Hy everybody !
I have a problem with my WSUS server. A error appear showing that is install only at 99% some updates on computers (see my attachment).
It is possible do refresh and install this updates ?
Thank you !
I have an old Thompson ST780i WL router and Speedport W 724V Type Ci that I don’t use any more.
How would I connect a laptop and I desk pc, let’s call them A and B, to a printer (C) in a small network?
The current situation is that A and B are via Wifi connected to a third router D, which is out of this story. I have no physical line access to it.
If the printer had Wifi connection ability I guess that the story would be over very quickly once I connect C to a network that A and B are on.
For now, A and B are connected to a C with a line cable, one at each time, so I need to unplug A and plug B and vice versa, which is annoying.
Could I use Thompson or Speedport to create a separate network and connect via ethernet A and B so the can print at the same time not dealing with cables anymore?
Before you consider what I want to achieve as insane from a security standpoint, please continue reading:
I’m setting the password for the local admin account on all computers in the domain with a startup script which contains the password in cleartext, of course.
I have limited file permissions to the script and only Domain Computers and Domain Admins accounts can access the file.
To keep it short, do you still consider what I want to do as insane or is this OK from a security standpoint?
My use case is as follows:
I just need the local admin accounts in case of a fallback scenario: A computer drops out of the domain or its network adapter goes broken or something like that and then I’d need the local admin account.
In the domain that I’m administering from now on, different computers have different local admin passwords, and the previous administrator (from whom I took over) can’t remember the credentials he once set so I thought I had to reset them all.
Researching the Nascom 2 computer, I found these schematics for the system. Interestingly, after the schematics for the computer itself, there is an added schematic for a disk controller to use with it. This schematic has a copyright statement describing it as owned by “Lucas Logic Limited”, a company that I can find no references to in any of the Nascom related material I’ve looked at. I would assume that it was simply a third party adapter, except that the details on the schematic give an address for this company, and it is the same address (in Wedgenock Industrial Estate, Warwick, UK) that is widely published as the primary contact address for Nascom computers; it appears that Nascom was a trading name of Lucas Logic Ltd (although whether this was always the case I have been unable to ascertain).
Lucas Logic Limited was later renamed, and is currently called Artemis International Corporation Limited and apparently specialises in enterprise investment management software.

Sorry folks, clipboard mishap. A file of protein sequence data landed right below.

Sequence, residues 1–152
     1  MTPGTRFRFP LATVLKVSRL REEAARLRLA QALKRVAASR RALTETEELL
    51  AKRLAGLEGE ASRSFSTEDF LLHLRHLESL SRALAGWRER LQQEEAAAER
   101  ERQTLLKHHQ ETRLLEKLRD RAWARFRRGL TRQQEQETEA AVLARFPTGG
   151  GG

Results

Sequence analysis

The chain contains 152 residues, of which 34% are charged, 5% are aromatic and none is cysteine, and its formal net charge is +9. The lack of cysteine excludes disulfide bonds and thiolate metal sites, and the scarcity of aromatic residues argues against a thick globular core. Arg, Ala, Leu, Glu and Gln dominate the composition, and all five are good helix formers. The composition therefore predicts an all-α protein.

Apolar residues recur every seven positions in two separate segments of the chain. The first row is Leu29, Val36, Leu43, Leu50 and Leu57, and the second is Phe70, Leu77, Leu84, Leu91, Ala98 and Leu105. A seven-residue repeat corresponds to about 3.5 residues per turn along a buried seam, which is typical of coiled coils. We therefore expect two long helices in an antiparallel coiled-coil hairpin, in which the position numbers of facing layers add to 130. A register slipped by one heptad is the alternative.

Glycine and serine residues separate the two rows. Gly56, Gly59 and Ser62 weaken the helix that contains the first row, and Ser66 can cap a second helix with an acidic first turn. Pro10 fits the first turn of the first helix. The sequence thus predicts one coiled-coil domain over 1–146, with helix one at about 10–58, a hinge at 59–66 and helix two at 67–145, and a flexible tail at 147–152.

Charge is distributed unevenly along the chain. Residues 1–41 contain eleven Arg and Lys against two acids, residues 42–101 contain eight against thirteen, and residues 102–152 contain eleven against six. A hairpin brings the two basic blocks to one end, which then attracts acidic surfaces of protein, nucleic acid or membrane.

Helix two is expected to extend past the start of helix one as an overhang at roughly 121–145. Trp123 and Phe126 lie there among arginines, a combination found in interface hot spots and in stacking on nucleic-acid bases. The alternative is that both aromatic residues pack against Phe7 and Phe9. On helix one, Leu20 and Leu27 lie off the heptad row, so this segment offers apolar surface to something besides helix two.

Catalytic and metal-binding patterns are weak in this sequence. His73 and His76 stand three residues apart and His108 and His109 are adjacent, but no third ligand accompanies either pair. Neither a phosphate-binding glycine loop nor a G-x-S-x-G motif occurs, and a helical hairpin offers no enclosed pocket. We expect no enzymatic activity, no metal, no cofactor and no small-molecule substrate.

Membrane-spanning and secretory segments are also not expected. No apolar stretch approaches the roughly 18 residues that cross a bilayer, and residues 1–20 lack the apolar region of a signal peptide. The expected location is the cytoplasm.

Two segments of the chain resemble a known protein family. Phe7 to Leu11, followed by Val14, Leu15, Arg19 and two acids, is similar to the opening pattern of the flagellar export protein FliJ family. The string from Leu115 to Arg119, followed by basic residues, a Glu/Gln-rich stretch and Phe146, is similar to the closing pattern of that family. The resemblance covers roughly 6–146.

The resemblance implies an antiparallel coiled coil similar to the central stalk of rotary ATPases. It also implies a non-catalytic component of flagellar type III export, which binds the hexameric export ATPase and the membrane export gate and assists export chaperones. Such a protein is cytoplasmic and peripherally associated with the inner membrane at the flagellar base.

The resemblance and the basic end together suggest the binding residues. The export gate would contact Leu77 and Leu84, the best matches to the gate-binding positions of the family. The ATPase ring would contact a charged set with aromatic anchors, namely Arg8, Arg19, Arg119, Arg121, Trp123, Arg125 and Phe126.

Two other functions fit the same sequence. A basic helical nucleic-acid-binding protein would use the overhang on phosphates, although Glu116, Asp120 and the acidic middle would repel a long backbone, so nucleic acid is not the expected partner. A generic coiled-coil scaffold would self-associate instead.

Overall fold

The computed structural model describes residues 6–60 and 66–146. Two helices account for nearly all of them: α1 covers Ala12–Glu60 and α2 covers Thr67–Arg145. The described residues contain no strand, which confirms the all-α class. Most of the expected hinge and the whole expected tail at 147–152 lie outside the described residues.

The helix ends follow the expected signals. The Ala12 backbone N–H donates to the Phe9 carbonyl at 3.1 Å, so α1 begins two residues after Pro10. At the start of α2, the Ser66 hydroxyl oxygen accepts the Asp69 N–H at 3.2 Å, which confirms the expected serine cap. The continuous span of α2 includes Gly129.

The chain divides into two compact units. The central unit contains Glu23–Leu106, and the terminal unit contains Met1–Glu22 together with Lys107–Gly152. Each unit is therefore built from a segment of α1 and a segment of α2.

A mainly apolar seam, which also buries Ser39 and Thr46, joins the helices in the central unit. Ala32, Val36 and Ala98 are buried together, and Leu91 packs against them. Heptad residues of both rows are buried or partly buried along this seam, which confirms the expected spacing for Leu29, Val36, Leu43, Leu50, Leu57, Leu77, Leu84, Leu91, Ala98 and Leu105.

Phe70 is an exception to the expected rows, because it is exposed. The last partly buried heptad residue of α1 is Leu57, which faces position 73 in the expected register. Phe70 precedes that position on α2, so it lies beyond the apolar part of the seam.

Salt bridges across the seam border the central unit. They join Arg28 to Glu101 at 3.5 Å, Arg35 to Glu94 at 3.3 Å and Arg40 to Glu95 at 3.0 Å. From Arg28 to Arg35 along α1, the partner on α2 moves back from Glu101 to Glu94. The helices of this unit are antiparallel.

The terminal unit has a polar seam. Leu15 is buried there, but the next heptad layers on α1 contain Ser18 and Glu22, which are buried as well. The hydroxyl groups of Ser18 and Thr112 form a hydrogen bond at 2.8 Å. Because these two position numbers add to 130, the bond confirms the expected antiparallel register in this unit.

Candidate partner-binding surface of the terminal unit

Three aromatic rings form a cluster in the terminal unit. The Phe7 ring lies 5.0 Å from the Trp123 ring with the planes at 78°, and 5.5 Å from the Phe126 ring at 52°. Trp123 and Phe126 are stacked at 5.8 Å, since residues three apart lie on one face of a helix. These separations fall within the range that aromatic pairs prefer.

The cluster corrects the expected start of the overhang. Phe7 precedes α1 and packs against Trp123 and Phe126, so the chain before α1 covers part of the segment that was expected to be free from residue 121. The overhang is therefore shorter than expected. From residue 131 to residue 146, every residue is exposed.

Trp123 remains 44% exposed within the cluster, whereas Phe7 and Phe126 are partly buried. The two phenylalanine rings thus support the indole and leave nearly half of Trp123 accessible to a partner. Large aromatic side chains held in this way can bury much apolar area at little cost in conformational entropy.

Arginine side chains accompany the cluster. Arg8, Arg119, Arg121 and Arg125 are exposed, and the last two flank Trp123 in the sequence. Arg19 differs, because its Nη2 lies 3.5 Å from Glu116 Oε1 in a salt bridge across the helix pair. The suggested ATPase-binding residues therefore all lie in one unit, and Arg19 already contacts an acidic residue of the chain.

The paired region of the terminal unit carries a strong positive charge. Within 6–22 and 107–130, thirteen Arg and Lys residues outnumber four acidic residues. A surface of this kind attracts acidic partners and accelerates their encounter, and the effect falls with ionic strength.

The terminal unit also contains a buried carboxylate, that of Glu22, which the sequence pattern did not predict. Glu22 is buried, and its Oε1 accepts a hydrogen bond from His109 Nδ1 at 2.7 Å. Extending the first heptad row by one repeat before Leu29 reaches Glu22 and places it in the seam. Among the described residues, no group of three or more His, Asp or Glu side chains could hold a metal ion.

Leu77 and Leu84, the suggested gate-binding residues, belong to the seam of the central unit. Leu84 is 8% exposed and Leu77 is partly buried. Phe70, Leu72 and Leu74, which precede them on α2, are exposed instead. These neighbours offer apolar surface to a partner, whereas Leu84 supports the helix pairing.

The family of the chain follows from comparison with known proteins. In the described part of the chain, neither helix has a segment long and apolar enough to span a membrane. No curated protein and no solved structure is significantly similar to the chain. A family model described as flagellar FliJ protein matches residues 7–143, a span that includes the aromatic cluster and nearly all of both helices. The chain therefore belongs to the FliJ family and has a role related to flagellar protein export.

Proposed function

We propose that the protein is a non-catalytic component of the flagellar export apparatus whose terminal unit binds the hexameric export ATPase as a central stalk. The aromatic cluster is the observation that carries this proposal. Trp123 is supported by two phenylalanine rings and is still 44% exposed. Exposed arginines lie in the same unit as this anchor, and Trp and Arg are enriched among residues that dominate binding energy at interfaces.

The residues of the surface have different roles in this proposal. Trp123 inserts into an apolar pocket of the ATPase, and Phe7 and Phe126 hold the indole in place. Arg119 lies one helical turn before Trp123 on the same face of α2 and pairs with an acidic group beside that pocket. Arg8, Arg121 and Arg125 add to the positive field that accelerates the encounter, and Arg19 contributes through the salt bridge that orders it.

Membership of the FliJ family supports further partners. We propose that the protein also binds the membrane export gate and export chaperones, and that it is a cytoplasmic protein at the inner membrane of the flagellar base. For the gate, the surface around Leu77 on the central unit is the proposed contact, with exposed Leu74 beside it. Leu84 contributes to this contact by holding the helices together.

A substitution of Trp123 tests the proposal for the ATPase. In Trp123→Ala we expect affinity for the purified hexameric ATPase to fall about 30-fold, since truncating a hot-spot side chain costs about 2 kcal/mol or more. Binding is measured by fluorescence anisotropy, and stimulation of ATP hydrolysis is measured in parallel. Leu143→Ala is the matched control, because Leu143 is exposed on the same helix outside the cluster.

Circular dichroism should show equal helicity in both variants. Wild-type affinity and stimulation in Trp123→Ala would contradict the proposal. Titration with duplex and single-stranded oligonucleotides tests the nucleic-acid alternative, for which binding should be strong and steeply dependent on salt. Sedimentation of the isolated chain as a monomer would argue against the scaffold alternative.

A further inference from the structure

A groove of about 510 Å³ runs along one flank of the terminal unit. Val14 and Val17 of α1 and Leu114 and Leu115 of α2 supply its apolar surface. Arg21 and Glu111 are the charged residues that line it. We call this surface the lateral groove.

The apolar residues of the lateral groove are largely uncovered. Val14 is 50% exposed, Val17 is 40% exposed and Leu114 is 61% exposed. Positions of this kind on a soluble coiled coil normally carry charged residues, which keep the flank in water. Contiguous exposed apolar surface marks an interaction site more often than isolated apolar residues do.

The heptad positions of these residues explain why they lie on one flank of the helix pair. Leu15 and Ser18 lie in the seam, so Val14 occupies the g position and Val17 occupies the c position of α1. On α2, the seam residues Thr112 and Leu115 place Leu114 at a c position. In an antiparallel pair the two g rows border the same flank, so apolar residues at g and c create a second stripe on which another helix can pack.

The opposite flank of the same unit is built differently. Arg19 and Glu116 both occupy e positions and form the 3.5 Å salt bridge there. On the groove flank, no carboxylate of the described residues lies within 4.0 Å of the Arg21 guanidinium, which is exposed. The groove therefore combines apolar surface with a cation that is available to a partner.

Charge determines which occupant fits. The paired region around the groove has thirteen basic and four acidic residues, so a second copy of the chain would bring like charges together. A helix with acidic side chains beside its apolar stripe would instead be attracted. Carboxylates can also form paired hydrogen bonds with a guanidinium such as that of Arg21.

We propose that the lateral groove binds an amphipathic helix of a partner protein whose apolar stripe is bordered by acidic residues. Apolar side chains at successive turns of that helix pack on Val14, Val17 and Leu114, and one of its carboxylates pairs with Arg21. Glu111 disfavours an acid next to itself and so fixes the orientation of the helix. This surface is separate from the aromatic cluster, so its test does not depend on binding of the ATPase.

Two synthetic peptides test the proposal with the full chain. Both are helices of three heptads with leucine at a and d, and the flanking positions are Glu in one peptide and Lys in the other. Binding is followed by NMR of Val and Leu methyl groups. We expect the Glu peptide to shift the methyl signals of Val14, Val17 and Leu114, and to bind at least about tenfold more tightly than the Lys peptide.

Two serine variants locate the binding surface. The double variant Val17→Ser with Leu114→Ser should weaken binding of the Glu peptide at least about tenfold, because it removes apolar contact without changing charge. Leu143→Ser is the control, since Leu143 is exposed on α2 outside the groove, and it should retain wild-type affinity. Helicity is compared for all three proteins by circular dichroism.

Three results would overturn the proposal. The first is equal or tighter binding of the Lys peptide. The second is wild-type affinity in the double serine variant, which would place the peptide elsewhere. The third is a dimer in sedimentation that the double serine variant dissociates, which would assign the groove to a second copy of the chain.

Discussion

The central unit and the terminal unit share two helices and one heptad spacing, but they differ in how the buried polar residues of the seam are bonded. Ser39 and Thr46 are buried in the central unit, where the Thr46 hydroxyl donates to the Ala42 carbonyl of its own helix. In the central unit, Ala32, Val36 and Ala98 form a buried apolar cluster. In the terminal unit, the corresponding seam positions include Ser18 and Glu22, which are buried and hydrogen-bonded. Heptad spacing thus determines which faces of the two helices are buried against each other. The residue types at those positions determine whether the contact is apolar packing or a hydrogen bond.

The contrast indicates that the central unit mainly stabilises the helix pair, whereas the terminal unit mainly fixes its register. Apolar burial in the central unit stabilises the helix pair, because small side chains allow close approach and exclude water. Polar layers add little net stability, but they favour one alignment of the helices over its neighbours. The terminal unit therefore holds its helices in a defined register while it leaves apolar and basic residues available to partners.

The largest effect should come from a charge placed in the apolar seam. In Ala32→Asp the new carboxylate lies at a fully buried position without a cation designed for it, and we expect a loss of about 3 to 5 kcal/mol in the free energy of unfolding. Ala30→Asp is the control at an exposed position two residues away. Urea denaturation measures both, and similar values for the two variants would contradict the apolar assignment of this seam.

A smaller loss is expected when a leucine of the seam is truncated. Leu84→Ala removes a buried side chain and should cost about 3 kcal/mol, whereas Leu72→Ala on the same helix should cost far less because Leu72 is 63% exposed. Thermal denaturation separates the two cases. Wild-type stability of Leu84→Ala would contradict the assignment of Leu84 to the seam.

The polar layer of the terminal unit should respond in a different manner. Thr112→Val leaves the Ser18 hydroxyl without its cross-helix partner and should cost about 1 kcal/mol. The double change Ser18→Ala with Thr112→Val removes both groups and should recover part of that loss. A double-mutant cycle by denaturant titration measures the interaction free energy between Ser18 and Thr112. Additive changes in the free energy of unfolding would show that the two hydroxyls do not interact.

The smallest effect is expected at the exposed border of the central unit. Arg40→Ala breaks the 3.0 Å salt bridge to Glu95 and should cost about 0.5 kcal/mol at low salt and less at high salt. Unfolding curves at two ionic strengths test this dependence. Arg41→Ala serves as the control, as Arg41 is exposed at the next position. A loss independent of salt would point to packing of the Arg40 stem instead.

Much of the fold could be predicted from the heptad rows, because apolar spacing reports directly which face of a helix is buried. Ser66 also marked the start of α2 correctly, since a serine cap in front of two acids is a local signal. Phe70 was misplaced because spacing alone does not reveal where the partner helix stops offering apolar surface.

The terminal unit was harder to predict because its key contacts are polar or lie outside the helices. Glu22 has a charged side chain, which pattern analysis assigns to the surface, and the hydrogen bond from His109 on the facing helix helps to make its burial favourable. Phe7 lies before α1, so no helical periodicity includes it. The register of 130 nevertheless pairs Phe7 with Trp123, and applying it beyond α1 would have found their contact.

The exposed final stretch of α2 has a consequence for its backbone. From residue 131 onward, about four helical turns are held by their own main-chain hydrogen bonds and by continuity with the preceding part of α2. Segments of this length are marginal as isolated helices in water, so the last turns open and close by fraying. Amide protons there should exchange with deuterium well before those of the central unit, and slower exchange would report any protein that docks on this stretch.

Lucas Logic’s branding (visible in the schematics linked above) was similar to the current branding of automotive parts manufacturer Lucas Electrical, which like Lucas Logic is also based in the UK Midlands. But as of today, there doesn’t appear to be any actual association between these entities. Is it known how they were related?
I’m setting the password for the local admin account on all computers in the domain per startup script. Which contains the password in cleartext, of course.
Before you consider me mad from the security standpoint, please continue reading:
I have limited file permissions to the script: Only Domain Computers and Domain Admins can access the file.
To but it shortly, do you still consider me mad or is this OK from the security standpoint?
My use case is as follows:
I just need the local admin accounts in case of a fallback scenario: A computer drops out of the domain or its network adapter goes broken or something like that. Then I need a local admin account.
In my domain that I’m administering from now on, different computers have different local admin passwords, and the old administrator from whom I took over can’t remember correctly. So I thought I reset them all.
Considering the PDP-8, PDP-7, PDP-9, PDP-1, even though they are completely different architectures (from a programmer’s or compiler’s point of view at least), they have some remarkable similarities in some details.
For example, the microcoded instructions on both the PDP-8 and PDP-7 have
cml, and single or double rotations, which conveniently build up small constants in the accumulator.
The same two computers also have exactly the same skip instructions, and a bit in the instruction to indicate an indirect memory access. The same operations are also available in the PDP-1 instruction set, as are, obviously, things like
The same two computers also have an optional EAE, which provides another register
MQ and some mathematical operations, though the size of
MQ obviously varies between 12 and 18 bits.
So straight away, my mind is supposing that there’s some kind of commonality in the implementation as well.
- Maybe there’s even a single part, which implements all these operations on a bit or group of bits, and which is installed in all these computers to implement a register and ALU.
- Maybe there’s some part which takes a bitfield from an instruction, and determines which of these operations need to take place (and is thus part of the instruction decoder) and is installed in at least some of these computers.
Are there large subsystems in common between the implementations of both 12-bit and 18-bit PDPs, which are responsible for the patterns and similarities between these two groups of computers?